THE combination of corners and two wheels is a mystery for many newcomers to cycling and is most likely shrouded by the fear of falling off. You don’t have to be going fast to lose control of the bike – slow turns can be a cause of difficulty for the novice. It may bring some confidence knowing what some of the limitations of the bike you are riding are as this will vary for each style of bike and size.
Other factors that will need to be considered in the determination of the limitations of cornering will be the condition and type of tyres on the bike and surface conditions.
Know “how far can I lean the bike and still pedal before it will fall over or the pedal strike the ground?” Or “when will the tyres lose contact with the road surface and slide out?” If you’re asking these questions, try the following to gauge just what your bike’s capabilities are.
Get the bike and place the crank and pedal closest to the ground. Now, keeping the handle bars straight, lean the bike over until the pedal makes contact with the ground. A quick check on an average road bike indicated that an angle of 28 degrees from the perpendicular was the point in which contact was made.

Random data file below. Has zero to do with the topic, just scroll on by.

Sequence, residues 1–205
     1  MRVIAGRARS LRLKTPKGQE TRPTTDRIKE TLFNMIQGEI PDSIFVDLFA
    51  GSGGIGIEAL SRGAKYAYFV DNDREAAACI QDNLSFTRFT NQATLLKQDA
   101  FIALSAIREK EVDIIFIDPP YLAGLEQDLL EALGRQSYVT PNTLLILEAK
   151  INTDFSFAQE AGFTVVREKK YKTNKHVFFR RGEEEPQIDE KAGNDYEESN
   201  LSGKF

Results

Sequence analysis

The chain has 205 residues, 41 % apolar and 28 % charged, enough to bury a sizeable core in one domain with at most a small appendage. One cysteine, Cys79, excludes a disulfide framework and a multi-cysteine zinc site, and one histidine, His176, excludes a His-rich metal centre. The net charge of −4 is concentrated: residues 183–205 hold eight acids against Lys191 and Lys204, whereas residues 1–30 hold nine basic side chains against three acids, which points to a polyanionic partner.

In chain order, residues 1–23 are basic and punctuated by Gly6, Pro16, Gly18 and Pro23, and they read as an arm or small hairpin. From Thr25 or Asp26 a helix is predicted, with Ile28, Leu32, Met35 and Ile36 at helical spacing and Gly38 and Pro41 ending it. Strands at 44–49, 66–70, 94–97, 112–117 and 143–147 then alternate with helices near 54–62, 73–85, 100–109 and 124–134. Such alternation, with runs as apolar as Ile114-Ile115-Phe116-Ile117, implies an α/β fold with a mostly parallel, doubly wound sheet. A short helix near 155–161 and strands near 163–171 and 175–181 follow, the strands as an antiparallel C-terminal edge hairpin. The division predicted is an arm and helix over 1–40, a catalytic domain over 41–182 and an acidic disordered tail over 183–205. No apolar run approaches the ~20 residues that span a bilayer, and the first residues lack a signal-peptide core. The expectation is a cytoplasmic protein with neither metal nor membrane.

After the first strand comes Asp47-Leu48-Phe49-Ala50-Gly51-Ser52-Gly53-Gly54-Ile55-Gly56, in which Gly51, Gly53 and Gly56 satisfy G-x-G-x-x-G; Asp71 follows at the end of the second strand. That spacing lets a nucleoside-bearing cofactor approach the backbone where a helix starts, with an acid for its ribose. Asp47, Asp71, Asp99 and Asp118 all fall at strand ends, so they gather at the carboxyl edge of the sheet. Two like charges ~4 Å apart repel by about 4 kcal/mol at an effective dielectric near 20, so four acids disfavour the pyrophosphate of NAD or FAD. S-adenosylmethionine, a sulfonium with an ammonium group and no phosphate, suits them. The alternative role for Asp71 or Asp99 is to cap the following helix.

To reach this type of lean would usually be achieved with relative high speed and a high degree of skill. The reason for keeping the handle bars straight is that with the higher speed cornering, the handle bars are not moved a great deal.
To gauge the amount of tyre in contact with the riding surface lean the bike over and check the amount of tread that remains in contact. Try pushing the bike sideways to make it skid and gain an appreciation of how much grip is maintained.
The other limitation of the bike when it comes to cornering is at very slow speed where the handle bars will be turned and the bike will remain upright to the perpendicular. Get on the bike and lean up against a pillar or post where you feel comfortable. Place the cranks and pedals parallel with the ground so the feet are in contact with the pedals in the normal riding position. Turn the handle bars to the left or right so the front wheel will turn past the protruding foot and see whether contact is made. When pedalling and turning the handle bars there is a point where your foot can come in contact with the wheel and act as a brake which could result in a fall.
While these tips may not make a change to your abilities they could well place your mind at rest while you work on the other skills required for safe smooth cornering.
See you on the road soon God willing